Namast'ay in Bed... Indefinitely.
It’s time to talk about chronic fatigue!
I know what you’re thinking–– that’s just a fancy way to say “tired.”
Extreme, chronic fatigue is a lot like love–– until you’ve experienced it yourself, it’s hard to really “get it.” That’s probably where the comparisons to love end, though. Fatigue sucks.
As a kid, I always thought migraines were just really bad headaches. Then I started getting chronic migraines and I was like “wow, this is a whole different universe of pain.” That’s how fatigue is–– it’s hard to conceptualize the extreme nature of being that physically exhausted until you’ve been there. But I’ll do my best to help explain!
Unless you’re a robot, you probably know what it’s like to feel tired. If you are a robot and are reading this, please email me. I would like to be your friend, like in the movie Bicentennial Man, until I die but you never die and instead just mourn me forever.
For all the non-robots out there, you know what it’s like to be tired. Whether it’s from not getting enough sleep, or a long day at work, or helping a friend move, you’ve maybe been tired a lot! Life is busy! It’s 2016! People always want us to answer all of our emails so promptly!
But take that level of physical exhaustion and now double it a few times, so it’s not just “tired,” but something that alters your thoughts and your joints and your whole being. It makes your body ache and it makes you lose your train of thought when you go to speak. And humor me for a second and imagine that no amount of rest would make that tired go away. You could nap, put your feet up, “rest your eyes” as my grandma would say, but you would still find yourself just as tired. That’s kind of what chronic fatigue is like.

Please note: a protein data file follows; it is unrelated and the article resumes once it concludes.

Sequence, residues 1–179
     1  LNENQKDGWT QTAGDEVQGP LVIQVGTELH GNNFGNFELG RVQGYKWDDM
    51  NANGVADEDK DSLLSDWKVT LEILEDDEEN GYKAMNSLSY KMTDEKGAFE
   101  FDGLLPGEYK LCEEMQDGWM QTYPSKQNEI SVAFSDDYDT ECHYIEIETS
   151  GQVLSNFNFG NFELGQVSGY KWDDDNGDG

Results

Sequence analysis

Suffice it to say that sucks, amirite? And a lot of people suffering from chronic fatigue have it as the result of another illness, like Lupus or Endometriosis. For me, I experience chronic fatigue because of my Crohn’s disease, but I’m also treating my Crohn’s with a steroid that gives me insomnia. It’s like the medical life cycle of hell.
So why am I telling you all these depressing things about fatigue? Is it so you’ll feel bad and donate to a GoFundMe I’m creating for a new, bionic body that doesn’t get tired? More logically, it’s because it’s important to know these things if you have a fatigue sufferer in your own everyday life–– which many of you probably do.
I’m 24 years old, I live in the third biggest city in America, and I really love to go out with my friends. When I’m not in a Crohn’s flare, my social life often involves 24 hour diners, requesting Beyonce at 4 AM bars, and occasionally puking on my own stylish ankle boots. I tell you all of this because after over a month of being in a flare, I really feel the need to remind the world that I CAN BE FUN, GODDAMMIT.
The problem is that when I’m sick like I am now, the fatigue takes all of that and pretty much says “nope!” For a while I couldn’t even go to work, and now I’m super proud of the days where I can make it through a whole work day and almost immediately pass out when I get home. That energy level makes it a bit hard to do things like go to happy hour or attend a friend’s party.
So if you know someone who suffers from chronic fatigue, or any chronic illness that may be accompanied by it, cut them some slack if they have to leave the party early or can’t make it to whatever cool thing is happening this weekend. Believe me–– they wish they could. They want to be able to do all the “normal” things, but being young and sick isn’t normal. So sometimes it’s important to make allowances and realize that while a night in with Scandal and some tea may sound like a homebody cop out, fatigue isn’t a made up symptom, and it doesn’t just mean you’re “over tired.” Your body physically needs the rest like it needs medicine.
Living with fatigue means constantly fighting your own internal clock for a few more hours to get things done. It means anxiety and feeling like a bad friend when you have to cancel plans because you physically can’t make it out. So fight on, fellow fatiguers! Take a break when you need it! Invest in a onesie and a lavender scented candle! I see you, I support you, and I will now be going to sleep.